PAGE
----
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environmental cartoon

Smithsonian Magazine, the monthly publication of the iconic historical institute that preserves our nation's history, has a piece in its most recent edition proclaiming how the use of sun and wind energy is soaring.

It notes, for example, that both alternative energy sources now easily employ more Americans than the coal industry that Donald Trump wants to make great again. In 2016, coal employed roughly 50,000 workers, wind 102,500 and solar 260,000. Presumably, the disparity grew in 2017, for which statistics are still being compiled.

The magazine also touts what it calls the "Clean Top 10" states in deriving their energy from renewable fuels.

No surprise here: Wisconsin is not among them.

Our neighbor to the west, Iowa, is No. 1. Another neighbor, Minnesota, is No. 9. Both Dakotas and Kansas made the list. Wisconsin ranks near the middle of the 50 states. Most of the state's energy continues to come from coal and natural gas, though neither fuel is produced in Wisconsin but has to be imported.

There was a time when Wisconsin was at or near the top of lists that often reflected how enlightened and innovative are a state's government, business community and institutions.

We haven't been on lists like that in recent years. Scott Walker and his Republican legislative colleagues have instead focused on getting Wisconsin off another top 10 list — taxes — as their only goal, but their success with that has been negligible as well.

Consequently, through 2016 the U.S. Energy Information Administration reports, the state's renewable electricity production ranked last among its five Midwest neighbors — Iowa the largest at 37.1 percent, Minnesota at 20.7 percent, Michigan, Illinois and Indiana from 5.5 percent to 6.4, while we remain at 4.55 percent. The national average, incidentally is 8.4.

Interestingly, it was just 18 years ago, in 2000, that Wisconsin was one of the first Midwest states to set a standard for the amount of electricity from renewable sources its utilities must sell — then only 2 percent, but considering the technology back then, not bad. The 2005 Legislature, on a nearly unanimous vote, increased that standard to 10 percent. Since then more than two dozen states have established higher goals while Wisconsin has stayed pat.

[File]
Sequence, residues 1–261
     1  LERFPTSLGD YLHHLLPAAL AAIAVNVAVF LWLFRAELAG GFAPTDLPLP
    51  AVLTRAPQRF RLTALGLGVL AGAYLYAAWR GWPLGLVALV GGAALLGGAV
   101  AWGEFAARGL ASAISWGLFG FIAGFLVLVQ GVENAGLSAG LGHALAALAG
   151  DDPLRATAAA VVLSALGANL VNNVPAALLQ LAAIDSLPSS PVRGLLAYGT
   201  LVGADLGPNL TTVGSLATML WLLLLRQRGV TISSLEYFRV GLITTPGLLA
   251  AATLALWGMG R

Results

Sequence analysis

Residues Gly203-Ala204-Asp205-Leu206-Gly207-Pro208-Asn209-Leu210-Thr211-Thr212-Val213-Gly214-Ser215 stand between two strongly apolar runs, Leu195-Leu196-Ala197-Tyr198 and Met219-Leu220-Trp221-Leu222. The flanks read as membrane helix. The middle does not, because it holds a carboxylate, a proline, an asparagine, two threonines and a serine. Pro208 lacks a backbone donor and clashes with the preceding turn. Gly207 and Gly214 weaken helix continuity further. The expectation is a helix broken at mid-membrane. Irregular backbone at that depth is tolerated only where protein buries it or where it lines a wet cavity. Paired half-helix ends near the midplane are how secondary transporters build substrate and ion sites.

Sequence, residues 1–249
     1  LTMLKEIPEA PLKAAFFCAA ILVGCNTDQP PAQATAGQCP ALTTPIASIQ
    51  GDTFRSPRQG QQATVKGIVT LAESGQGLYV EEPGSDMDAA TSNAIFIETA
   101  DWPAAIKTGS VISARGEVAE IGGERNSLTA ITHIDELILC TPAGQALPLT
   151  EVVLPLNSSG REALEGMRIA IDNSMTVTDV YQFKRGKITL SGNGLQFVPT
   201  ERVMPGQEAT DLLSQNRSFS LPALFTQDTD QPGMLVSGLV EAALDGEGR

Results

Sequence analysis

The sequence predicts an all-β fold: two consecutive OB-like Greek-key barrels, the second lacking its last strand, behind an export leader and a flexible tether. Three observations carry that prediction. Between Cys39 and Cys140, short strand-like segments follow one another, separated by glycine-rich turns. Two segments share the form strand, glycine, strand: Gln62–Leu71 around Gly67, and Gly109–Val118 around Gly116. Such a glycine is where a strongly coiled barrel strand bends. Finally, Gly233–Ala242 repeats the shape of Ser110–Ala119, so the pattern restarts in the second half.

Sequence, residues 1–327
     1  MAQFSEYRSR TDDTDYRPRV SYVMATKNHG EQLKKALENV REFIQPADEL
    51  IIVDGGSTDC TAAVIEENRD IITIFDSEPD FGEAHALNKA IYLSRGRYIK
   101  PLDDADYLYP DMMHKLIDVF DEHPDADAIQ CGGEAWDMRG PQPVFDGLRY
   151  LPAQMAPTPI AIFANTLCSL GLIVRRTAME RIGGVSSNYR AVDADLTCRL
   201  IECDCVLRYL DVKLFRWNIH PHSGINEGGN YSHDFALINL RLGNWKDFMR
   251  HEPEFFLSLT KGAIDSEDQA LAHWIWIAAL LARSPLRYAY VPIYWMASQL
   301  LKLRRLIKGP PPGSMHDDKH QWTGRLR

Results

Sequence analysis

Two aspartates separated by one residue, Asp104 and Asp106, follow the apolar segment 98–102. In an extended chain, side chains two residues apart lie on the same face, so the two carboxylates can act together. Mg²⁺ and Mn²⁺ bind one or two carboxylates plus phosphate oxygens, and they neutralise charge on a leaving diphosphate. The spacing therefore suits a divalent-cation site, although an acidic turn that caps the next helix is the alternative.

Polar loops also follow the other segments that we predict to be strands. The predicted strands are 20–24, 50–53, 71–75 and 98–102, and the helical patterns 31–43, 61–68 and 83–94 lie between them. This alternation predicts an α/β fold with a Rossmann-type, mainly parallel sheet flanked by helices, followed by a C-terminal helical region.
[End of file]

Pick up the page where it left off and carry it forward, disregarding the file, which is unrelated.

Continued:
With the advent of the Walker administration there hasn't been any progress and, indeed, many would point out there has been backsliding.

The state that produced conservation greats from Aldo Leopold to Gaylord Nelson and consistently was rated among the top states for environmental safeguards, clean air and water, and stewardship of public lands has faded to the middle of the pack and is falling.

The recent federal approval of Scott Walker's request to exempt southeast Wisconsin — and hence his pet project Foxconn — from federal limits on lung-damaging smog pollution was another case in point. But Walker fits right in with the nation's chief anti-environmentalist, the administrator of the EPA himself, Scott Pruitt.

The Chicago Tribune pointed out that had Pruitt followed his own EPA staff report, Foxconn would have been required to install more effective pollution-control equipment, among other safeguards.

But our state government has no interest in making Wisconsin a leader any longer. Racing toward the bottom is just fine.

Dave Zweifel is editor emeritus of The Capital Times. dzweifel@madison.com and on Twitter @DaveZweifel. 

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Dave is editor emeritus of The Capital Times.